Contributors: AK, AJMD, and CDAS are responsible for the study concept and design. JdJ, AK, MGW, and DB collected the data, and statistical analysis was conducted by PL and JdJ. JdJ, AK, PL, and CDAS undertook analysis and interpretation of the data. JdJ, AK, and CDAS drafted the manuscript, and AK, AJMD, and CDAS undertook critical revisions of the manuscript for important intellectual content. Administrative, technical or material support was provided by JvdK, DB, JV, MGW, JdJ, and AK. JdJ, AK, and PL had full access to all of the data in the study and take responsibility for the integrity of the data and the accuracy of the data analysis. JdJ, AK, and CDAS accept full responsibility for the work and the conduct of the study, had access to the data, and controlled the decision to publish, and as such act as guarantors for the study.
Funding: Hyperinsulinaemia: the Outcome of its Metabolic Effects (HOME) trial was supported by grants from Altana, Lifescan, Merck Santé, Merck Sharp & Dohme, and Novo Nordisk. The sponsors had no role in the design and conduct of the study; in the collection, analysis, and interpretation of the data; or in the preparation, review, or approval of the manuscript.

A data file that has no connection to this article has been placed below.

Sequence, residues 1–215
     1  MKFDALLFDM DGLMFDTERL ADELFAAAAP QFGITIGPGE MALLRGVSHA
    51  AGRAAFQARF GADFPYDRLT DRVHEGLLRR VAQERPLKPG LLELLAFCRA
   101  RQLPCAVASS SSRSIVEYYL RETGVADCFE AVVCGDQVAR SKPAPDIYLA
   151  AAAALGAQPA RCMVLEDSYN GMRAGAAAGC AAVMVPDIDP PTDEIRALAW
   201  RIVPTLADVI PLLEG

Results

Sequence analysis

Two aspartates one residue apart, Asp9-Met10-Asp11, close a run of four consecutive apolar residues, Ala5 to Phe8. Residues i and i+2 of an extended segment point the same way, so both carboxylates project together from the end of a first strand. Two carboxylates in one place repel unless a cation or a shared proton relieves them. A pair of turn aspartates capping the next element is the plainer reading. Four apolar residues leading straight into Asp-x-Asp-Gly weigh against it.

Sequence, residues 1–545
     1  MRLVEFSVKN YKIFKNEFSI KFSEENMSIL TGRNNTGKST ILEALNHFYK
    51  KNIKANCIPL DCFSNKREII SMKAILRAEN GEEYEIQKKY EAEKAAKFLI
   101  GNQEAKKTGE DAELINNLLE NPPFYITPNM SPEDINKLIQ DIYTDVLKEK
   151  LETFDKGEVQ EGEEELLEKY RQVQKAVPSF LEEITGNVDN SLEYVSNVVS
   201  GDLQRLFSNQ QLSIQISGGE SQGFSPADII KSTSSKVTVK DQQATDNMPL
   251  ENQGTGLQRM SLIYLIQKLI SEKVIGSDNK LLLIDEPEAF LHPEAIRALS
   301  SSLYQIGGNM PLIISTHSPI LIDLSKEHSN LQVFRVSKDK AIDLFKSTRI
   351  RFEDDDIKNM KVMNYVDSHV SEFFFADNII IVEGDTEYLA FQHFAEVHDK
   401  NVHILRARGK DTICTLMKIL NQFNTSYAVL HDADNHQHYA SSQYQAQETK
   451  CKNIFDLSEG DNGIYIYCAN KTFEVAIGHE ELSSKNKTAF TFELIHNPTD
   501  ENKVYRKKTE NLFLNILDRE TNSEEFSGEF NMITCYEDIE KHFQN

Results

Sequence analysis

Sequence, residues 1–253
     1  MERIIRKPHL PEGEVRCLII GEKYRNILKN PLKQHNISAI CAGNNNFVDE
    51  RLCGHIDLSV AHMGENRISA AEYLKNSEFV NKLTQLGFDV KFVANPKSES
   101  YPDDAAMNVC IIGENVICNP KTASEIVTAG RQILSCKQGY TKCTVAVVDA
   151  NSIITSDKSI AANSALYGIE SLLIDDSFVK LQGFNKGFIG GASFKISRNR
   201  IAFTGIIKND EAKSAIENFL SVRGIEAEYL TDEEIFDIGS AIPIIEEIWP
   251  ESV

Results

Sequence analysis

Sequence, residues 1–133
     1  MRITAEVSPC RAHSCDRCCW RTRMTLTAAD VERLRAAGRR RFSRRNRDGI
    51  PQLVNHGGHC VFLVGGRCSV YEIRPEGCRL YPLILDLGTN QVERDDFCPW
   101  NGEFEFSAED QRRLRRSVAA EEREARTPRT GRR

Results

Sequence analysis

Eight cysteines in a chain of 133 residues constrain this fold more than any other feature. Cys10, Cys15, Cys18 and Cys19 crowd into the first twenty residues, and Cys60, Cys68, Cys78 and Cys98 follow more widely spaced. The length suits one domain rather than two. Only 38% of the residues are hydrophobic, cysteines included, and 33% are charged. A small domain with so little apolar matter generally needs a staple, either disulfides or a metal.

Competing interests: All authors have completed the Unified Competing Interest form at www.icmje.org/coi_disclosure.pdf (available on request from the corresponding author) and all authors want to declare: (1) Financial support for the submitted work from Merck Sharp & Dohme. All authors also declare: (2) No financial relationships with commercial entities that might have an interest in the submitted work; (3) No spouses, partners, or children with relationships with commercial entities that might have an interest in the submitted work; and (4) No non-financial interests that may be relevant to the submitted work.
Ethical approval: The medical ethical committees of the three participating hospitals approved the trial protocol. The trial has been conducted in accordance with the Committee for Medicinal Products for Human Use note for guidance on good clinical practice (CPMP/ICH/135/95), dated 17 July 1996, and in accordance with the Declaration of Helsinki (revised version of Hong Kong in 1989 and Edinburgh in 2000). All patients gave written informed consent.
Data sharing: No additional data available.